Vetvi

Theodor Bastard

Record Details

Released:
2015

Tracklist

  1. Umbraya Erze -:-- / 5:28
  2. Vetvi -:-- / 4:06
  3. Salameika -:-- / 4:33
  4. Kukushka -:-- / 5:25
  5. Aion -:-- / 6:22
  6. Niti -:-- / 4:09
  7. Veter (feat. Namgar) -:-- / 5:08
  8. Yaard -:-- / 5:31
  9. Beliy Gorod -:-- / 5:15
  10. Kolodec -:-- / 3:26

In May 2015, Theodor Bastard released a new album Vetvi. The album name is a Latin transliteration of the Russian word for branches bearing in mind the branches of the World tree which supports the heavens, connecting the heavens, the terrestrial world, and the underworld.

Theodor Bastard release their albums not so often, working for months in various recording studios in several cities and countries, searching for the best sound and arrangements. The work on this album took three years with plenty of musicians taking part in it.

Continuing the theme of wanderings, which was the basic idea of the previous album Oikoumene, Theodor Bastard take their listeners from hot south to the fairy northern lights. ‘We travel to the North of Russia every year,’ – says the band leader Fedor Svolotch. – ‘Now it’s time for us to turn to our culture, our country and our roots. There are our places of power, the places where stones and winds are talking to us. A new album is a song of the northern harsh nature’.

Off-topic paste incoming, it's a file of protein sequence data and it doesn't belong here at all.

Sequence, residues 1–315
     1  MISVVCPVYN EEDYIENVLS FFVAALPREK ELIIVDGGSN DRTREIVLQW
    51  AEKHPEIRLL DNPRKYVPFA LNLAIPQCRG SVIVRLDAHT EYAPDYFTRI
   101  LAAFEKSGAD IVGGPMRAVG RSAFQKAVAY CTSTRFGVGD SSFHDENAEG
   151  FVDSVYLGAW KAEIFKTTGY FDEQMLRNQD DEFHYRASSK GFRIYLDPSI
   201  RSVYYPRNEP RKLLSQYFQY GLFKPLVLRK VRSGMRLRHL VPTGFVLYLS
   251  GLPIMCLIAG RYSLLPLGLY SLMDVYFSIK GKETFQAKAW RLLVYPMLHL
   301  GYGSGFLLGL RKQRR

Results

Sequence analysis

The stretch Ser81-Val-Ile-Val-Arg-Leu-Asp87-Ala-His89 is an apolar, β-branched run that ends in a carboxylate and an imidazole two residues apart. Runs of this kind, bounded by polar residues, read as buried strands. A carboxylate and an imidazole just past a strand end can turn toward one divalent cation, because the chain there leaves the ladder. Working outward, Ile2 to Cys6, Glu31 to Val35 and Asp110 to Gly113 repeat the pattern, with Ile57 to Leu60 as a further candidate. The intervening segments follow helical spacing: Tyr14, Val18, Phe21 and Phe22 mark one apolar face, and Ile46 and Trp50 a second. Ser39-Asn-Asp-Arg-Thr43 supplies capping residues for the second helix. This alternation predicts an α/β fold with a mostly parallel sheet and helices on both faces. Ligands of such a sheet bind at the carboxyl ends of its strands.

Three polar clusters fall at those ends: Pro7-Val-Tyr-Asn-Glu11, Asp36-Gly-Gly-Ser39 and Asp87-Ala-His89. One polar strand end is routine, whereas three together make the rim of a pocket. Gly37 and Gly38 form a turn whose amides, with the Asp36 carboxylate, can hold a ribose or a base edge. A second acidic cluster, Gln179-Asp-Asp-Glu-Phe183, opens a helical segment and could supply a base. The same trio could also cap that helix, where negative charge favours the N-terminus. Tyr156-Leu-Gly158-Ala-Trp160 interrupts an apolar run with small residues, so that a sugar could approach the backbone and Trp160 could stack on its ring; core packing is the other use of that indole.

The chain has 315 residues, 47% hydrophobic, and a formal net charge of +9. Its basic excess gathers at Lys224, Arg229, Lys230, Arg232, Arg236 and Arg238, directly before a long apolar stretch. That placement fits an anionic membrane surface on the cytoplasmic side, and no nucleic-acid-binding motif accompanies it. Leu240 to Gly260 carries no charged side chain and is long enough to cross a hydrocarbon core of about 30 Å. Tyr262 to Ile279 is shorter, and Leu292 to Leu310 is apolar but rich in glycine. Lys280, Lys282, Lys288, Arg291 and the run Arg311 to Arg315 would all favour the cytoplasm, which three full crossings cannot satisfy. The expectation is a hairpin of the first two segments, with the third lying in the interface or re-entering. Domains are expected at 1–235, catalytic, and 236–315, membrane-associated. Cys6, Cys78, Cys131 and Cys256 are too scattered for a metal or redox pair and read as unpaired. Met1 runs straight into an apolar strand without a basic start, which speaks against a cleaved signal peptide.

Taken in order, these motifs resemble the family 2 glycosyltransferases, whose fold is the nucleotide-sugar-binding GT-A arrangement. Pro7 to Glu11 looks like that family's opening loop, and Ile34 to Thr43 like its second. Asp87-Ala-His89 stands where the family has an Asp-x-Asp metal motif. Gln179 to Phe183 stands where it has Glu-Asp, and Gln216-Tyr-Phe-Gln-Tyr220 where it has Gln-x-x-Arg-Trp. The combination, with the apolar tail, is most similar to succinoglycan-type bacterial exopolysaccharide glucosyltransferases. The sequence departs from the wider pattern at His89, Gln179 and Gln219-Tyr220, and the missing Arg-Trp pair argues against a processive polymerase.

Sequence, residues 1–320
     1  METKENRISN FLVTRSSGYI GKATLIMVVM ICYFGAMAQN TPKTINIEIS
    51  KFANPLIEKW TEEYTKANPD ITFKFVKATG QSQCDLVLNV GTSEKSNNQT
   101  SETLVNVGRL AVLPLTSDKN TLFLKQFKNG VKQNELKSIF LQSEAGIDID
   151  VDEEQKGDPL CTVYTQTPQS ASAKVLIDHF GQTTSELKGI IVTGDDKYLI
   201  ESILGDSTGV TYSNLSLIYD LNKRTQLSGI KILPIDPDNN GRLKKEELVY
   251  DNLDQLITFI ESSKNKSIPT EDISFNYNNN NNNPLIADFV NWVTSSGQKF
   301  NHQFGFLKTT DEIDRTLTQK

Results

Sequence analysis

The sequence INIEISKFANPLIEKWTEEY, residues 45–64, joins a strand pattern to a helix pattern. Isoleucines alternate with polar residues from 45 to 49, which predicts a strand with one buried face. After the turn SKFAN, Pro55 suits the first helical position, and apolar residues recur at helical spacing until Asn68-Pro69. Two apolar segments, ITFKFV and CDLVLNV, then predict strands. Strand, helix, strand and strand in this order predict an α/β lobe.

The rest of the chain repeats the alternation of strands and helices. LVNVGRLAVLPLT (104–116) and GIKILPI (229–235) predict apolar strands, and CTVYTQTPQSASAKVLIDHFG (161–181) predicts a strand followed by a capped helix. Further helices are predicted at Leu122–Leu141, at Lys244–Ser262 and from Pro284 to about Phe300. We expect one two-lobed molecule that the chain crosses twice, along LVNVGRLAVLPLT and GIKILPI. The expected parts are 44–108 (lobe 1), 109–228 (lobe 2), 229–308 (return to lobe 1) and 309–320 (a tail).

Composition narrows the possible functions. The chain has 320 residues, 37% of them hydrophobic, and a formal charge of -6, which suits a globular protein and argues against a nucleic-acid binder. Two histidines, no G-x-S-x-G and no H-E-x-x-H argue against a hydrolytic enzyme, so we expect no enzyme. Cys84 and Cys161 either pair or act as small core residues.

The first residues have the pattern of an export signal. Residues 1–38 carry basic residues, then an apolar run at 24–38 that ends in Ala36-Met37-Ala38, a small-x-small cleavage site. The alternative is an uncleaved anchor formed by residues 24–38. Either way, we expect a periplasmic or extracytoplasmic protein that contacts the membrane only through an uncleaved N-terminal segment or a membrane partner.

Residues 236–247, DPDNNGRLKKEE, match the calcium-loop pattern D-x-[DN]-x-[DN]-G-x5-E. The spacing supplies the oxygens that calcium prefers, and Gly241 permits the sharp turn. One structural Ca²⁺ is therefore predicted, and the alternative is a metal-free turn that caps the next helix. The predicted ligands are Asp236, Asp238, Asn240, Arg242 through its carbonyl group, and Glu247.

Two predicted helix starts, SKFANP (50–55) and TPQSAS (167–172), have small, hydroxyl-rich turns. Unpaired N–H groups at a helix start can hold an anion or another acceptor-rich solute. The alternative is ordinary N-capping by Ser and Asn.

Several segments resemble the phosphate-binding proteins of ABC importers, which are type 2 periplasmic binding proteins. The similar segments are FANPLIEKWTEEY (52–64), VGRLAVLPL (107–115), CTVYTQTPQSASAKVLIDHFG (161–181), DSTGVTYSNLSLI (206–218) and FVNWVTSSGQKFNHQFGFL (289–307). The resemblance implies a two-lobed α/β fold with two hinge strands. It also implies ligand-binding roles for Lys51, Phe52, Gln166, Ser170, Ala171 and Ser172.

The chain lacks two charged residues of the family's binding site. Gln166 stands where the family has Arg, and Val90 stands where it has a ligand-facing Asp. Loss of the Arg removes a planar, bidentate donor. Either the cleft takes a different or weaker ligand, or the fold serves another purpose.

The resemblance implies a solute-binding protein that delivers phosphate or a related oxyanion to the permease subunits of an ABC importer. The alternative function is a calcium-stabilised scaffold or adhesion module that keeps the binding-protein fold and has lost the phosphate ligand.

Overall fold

A peculiar combination of the archaic percussions and folk instruments was used during the recording. Playing unusual ethnic instruments is still an important part of Theodor Bastard creative process. Russian horn, traditional Mongol violin morin khuur, ritual Tibetian horn dunchen, ancient Russian gusli, Peruanian cajon, jew’s harp, dulcimer (string instrument like zither) – this is just a short list of musical miracles of the album.

Many musicians were engaged in creating this sound kaleidoscope. That was a serious and laborious work. String instruments bring deep melodism and dramatism. There are morin khuur by Yana Veva, violin by Gulya Naumova and cello by Natalia Nazarova. They harmoniously combine with ritual rhythms of drums and percussions by Kirill Serov. Chamber choir Lauda adds ancient masculinity to the album sound, as well as an outstanding vocalist Alexander Platonov (Ensemble of Ancient Peasant Music). A magic sound of gusli by Olga Glazova, harp and cimbalom by multi-instrumentalist Philip Barsky decorate some songs, and great vocals by Buryat singer Namgar give a special atmosphere of northern dawn to one of the songs of the album.

 

Musicians

  • Yana Veva – vocals, morin khuur, synths
  • Fedor Svolotch – guitars, horns, war drums, daf, dulcimer, percussion, vargans
  • Alexey Kalinovskiy – hurdy-gurdy, keyboards
  • Kusas – dunchen, riq
  • Andy Vladych – drums
  • Namgar Lhasaranova – additional vocals
  • Vadim Sergeev – guitars, ukulele, bass
  • Filipp Barskiy – harp, santur
  • Kusas – didgeridoo, davul, cajon, metallophone, shakers
  • Natalia Nazarova – prepared cello
  • Olga Glazova – gusli
  • Mariya Broccoli – bone flute
  • Gulya Naumova – siberian violin
  • Kirill Serov – djun-djun
  • Pavel Paukov – bass
  • Vasil’ Davletshin – additional bass
  • Pavel Hrabrov – additional bass
  • Alexander Platonov (The Early Music Ensemble of the Peasants) – vocal
Chamber Choir «Lauda»: Damir Urazymbetov, Artem Kobyakov, Vyacheslav Ivanov, Ivan Rodionov Choral arrangement: Alexey Kalinovskiy